The Battle for Snake Island? Amidst a pandemic and horrific warfare all over the world, 2020 and 2021 have been undeniably dark and crazy years. One of the tensest moments was the build-up of Russian forces along the Ukrainian border in the Spring of this year, sparking fears of renewed bloody conflict in the War in Ukraine.

Thankfully, the build-up turned out to be nothing but a training exercise and the conflict remained a simmering war with the occasional outbreaks of violence between both sides. However, this is still a hot war and in the Black Sea, Ukraine is concerned about a potential new front opening on a place with a foreboding name: Snake Island.

Known as Zmiyiniy Ostrov in Ukrainian, Snake Island is situated in the Black Sea. The nearest town is the Ukrainian settlement of Vylkove from which the island sits 30 miles off the coast. From Crimea, which Russian forces annexed with ease in 2014, it’s around 185 miles.

There’s not much happening on this small but strategic Black Sea island. It’s home to a historic lighthouse built by the Black Sea Fleet of the Russian Empire, a small battalion of Ukrainian tourists, and some shepherds. Regardless, as the Black Sea becomes an increasingly militarized maritime region, the island is becoming a strategic prize.

“This island, like the rest of our territory, is Ukrainian land, and we will defend it with all our might.”

– Volodymyr Zelenskyy, The President of Ukraine.

Following the Russian annexation of Crimea in 2014, the Kremlin has subsequently utilized the strategic location of the peninsula to dominate large sectors of the Black Sea. Sectors that Ukraine argues are rightfully theirs.

However, as the ground war between Russian-backed separatists and Western-backed Ukrainian forces in Donbass stagnates, military observers are concerned that the next major escalation in the seven-year conflict may indeed take place in the Black Sea, with Snake Island being a part of it.

As Snake Island is situated near the mouth of the Danube Delta, any military force that chose to occupy it would have a crucial position in the Black Sea near the mouth of one of Europe’s main waterways. The area is also rich in natural resources like petrol and gas.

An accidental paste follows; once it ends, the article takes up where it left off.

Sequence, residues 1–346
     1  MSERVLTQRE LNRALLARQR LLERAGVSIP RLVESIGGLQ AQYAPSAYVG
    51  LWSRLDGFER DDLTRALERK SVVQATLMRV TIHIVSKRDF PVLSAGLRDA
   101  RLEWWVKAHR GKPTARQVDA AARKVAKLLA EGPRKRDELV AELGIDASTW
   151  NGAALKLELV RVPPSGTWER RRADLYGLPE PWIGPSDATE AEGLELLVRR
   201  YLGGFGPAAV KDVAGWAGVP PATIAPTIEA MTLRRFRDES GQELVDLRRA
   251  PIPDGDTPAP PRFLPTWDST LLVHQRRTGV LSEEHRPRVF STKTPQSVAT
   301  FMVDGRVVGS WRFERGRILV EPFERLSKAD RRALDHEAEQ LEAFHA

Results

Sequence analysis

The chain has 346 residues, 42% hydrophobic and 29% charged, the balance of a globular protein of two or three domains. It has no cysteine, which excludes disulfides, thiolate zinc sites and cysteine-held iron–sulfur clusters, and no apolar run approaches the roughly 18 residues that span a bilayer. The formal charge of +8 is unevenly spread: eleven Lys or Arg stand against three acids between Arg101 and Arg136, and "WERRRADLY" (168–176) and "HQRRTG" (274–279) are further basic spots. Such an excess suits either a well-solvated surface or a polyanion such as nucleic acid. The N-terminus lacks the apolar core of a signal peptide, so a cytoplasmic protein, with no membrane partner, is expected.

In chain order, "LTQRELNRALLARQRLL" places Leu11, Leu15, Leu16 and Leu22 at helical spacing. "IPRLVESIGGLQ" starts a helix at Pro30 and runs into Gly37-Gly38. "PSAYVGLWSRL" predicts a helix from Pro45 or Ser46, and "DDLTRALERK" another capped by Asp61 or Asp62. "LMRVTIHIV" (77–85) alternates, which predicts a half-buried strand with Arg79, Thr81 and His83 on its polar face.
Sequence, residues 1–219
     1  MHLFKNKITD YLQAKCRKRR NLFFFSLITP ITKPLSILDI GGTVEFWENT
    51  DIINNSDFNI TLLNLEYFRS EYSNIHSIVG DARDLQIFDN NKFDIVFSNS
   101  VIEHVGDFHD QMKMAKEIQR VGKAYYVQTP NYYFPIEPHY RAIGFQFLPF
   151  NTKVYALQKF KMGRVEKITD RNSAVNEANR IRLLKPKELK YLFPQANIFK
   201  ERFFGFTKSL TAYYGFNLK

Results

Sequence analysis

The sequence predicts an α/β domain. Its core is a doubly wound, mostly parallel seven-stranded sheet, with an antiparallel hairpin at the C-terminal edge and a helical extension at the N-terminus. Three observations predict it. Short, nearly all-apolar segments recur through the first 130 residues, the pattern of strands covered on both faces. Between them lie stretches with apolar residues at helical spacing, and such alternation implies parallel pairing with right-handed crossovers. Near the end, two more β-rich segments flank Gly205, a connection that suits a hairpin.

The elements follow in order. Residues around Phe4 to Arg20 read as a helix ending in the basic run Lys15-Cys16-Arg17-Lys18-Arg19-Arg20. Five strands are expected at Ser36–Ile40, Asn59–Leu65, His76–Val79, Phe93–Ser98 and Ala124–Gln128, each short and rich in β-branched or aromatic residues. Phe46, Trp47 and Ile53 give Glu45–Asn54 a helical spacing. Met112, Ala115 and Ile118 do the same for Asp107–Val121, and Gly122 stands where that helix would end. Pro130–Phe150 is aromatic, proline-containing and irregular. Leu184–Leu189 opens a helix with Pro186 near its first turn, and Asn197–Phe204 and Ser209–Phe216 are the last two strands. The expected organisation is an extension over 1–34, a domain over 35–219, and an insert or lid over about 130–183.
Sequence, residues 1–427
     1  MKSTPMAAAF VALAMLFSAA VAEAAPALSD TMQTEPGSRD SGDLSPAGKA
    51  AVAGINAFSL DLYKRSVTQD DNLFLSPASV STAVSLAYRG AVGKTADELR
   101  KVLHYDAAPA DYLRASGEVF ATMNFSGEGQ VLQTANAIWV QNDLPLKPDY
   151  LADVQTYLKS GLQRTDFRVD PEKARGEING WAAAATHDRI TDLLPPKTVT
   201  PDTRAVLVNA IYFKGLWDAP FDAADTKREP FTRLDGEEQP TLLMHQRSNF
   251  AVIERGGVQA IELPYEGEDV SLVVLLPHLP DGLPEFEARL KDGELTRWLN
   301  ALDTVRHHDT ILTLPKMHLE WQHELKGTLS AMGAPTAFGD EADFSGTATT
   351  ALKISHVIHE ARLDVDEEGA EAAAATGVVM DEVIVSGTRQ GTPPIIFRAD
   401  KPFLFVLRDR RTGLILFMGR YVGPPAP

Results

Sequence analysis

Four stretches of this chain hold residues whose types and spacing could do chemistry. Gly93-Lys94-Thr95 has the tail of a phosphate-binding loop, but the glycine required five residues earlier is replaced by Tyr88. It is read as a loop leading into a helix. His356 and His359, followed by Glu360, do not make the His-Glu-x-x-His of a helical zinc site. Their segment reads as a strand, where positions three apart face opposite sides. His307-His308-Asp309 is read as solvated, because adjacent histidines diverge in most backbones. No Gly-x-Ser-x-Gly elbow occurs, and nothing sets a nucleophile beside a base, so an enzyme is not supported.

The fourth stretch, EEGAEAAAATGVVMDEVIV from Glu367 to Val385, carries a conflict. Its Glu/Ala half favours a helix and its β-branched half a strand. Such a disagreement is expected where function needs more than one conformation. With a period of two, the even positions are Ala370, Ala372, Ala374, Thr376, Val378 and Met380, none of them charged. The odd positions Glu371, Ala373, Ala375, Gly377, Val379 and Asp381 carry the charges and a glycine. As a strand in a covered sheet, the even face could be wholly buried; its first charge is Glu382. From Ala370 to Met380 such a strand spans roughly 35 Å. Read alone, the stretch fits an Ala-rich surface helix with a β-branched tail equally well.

But it’s not just military observers who have noted this. Ukraine is actively aware of the island’s vital position, its vulnerability and its risk of being involved in a renewed conflict. It was recently visited by Ukrainian President Volodymyr Zelenskyy.

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As the recent Crimea Platform summit in Kyiv loomed, Zelenskyy made a highly publicized visit to Snake Island to hold a press conference with the Ukrainian media. He admitted that the location was highly symbolic and vowed to defend it against any military aggression.

But this is far from the first time Snake Island has seen itself in the crosshairs of warring nations. From the Ancient Greeks to the Ottoman Empire and Nazi Germany to the Soviet Union, this small Black Sea island has seen many conquerors come and go.

In fact, it was only in 2009 that a forty-year-old border dispute over Snake Island was put to bed. The dispute was between Ukraine and Romain and was eventually handed over to the International Court of Justice of the UN who ruled in the favour of Romania.

The dispute was over Romania’s refusal to recognize the land as an island. By doing so, it would give Ukraine territorial rights over the waters around it which start into Romanian territory.

With a long and often violent history, it would seem that the story of the small but undeniably foreboding Snake Island is not finished yet.

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Batya (Батя) is the founder of Reaper Feed. He is a security advisor and a high-risk expedition leader across former and active conflict zones such as Eastern Ukraine, unrecognized post-Soviet states, the North Caucasus, and the Middle East. Batya founded Reaper Feed to provide unprecedented insight into the lesser-seen sides of human conflict and modern warfare.